c.1637 - 1707
About Dieterich Buxtehude
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The only surviving portrait of Buxtehude, playing a viol, from A musical party by Johannes Voorhout, 1674
The only surviving portrait of Buxtehude, playing a viol, from A musical party by Johannes Voorhout (1674)
Born Diderik Hansen Buxtehude
Helsingborg, Scania, Denmark–Norway
Died 9 May 1707 (aged 70)
Free City of Lübeck, Holy Roman Empire
List of compositions
Dieterich Buxtehude (Danish pronunciation: [ˈtiðˀəʁek bukstəˈhuːðə]; German: [ˈdiːtəʁɪç bʊkstəˈhuːdə]; born Diderik Hansen Buxtehude; c. 1637 – 9 May 1707) was a Danish or German organist and composer of the Baroque period, whose works are typical of the North German organ school. As a composer who worked in various vocal and instrumental idioms, Buxtehude's style greatly influenced other composers, such as Johann Sebastian Bach. Historically, Buxtehude is among the important composers of the mid-Baroque period in Germany.
The bulk of Buxtehude's oeuvre consists of vocal music, which covers a wide variety of styles, and organ works, which concentrate mostly on chorale settings and large-scale sectional forms. Chamber music constitutes a minor part of the surviving output, although the only chamber works Buxtehude published during his lifetime were fourteen chamber sonatas. Unfortunately, many of Buxtehude's compositions have been lost. The librettos for his oratorios, for example, survive; but none of the scores do, which is particularly unfortunate, because his German oratorios seem to be the model for later works by Johann Sebastian Bach and Georg Philipp Telemann. Further evidence of lost works by Buxtehude and his contemporaries can be found in the recently discovered catalogue of a 1695 music-auction in Lübeck.
Gustaf Düben's collection and the so-called Lübeck tablature A373 are the two most important sources for Buxtehude's vocal music. The former includes several autographs, both in German organ tablature and in score. Both collections were probably created during Buxtehude's lifetime and with his permission. Copies made by various composers are the only extant sources for the organ works: chorale settings are mostly transmitted in copies by Johann Gottfried Walther, while Gottfried Lindemann's and others' copies concentrate on free works. Johann Christoph Bach's manuscript is particularly important, as it includes the three known ostinato works and the famous Prelude and Chaconne in C major, BuxWV 137. Although Buxtehude himself most probably wrote in organ tablature, the majority of the copies are in standard staff notation.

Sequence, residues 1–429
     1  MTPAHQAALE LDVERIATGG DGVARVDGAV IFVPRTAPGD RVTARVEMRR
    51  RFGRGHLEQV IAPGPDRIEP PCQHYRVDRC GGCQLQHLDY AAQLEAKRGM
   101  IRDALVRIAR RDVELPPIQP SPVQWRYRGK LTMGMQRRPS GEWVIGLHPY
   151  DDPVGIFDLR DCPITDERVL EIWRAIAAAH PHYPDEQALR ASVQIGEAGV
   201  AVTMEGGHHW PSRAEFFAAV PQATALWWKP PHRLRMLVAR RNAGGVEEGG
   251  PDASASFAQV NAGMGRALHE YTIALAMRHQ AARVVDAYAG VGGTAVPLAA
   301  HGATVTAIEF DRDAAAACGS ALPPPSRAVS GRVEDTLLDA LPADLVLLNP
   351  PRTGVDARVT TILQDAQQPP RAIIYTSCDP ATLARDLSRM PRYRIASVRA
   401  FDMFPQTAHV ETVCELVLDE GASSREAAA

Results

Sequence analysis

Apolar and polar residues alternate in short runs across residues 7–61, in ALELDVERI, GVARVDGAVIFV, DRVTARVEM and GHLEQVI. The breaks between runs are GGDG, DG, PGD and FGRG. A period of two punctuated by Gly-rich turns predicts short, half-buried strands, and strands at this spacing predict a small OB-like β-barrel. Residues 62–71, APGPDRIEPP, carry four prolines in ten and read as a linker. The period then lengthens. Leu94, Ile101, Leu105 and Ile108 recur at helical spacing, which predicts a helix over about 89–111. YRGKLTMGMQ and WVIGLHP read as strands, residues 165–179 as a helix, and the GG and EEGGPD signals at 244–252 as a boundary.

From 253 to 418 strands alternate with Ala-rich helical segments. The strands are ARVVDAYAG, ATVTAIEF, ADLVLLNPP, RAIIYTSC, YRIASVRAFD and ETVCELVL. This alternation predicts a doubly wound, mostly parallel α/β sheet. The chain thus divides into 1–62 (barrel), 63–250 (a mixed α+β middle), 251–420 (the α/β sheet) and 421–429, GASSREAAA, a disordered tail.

The nineteen organ praeludia (or preludes) form the core of Buxtehude's work and are ultimately considered his most important contributions to the music literature of the seventeenth century. They are sectional compositions that alternate between free improvisation and strict counterpoint. They are usually either fugues or pieces written in fugal manner; all make heavy use of pedal and are idiomatic to the organ. These preludes, together with pieces by Nicolaus Bruhns, represent the highest point in the evolution of the north German organ prelude, and the so-called stylus phantasticus. They were undoubtedly among the influences of J.S. Bach, whose organ preludes, toccatas and fugues frequently employ similar techniques.
The preludes are quite varied in style and structure, and are therefore hard to categorize, as no two praeludia are alike. The texture of Buxtehude's praeludia can be described as either free or fugal. They consist of strict diatonic harmony and secondary dominants. Structure-wise, there usually is an introductory section, a fugue and a postlude, but this basic scheme is very frequently expanded: both BuxWV 137 and BuxWV 148 include a full-fledged chaconne along with fugal and toccata-like writing in other sections, BuxWV 141 includes two fugues, sections of imitative counterpoint and parts with chordal writing. Buxtehude's praeludia are not circular, nor is there a recapitulation. A fugal theme, when it recurs, does so in a new, changed way. A few pieces are smaller in scope; for example, BuxWV 144, which consists only of a brief improvisatory prelude followed by a longer fugue. The sections may be explicitly separated in the score or flow one into another, with one ending and the other beginning in the same bar. The texture is almost always at least three-voice, with many instances of four-voice polyphony and occasional sections in five voices (BuxWV 150 being one of the notable examples, with five-voice structure in which two of the voices are taken by the pedal).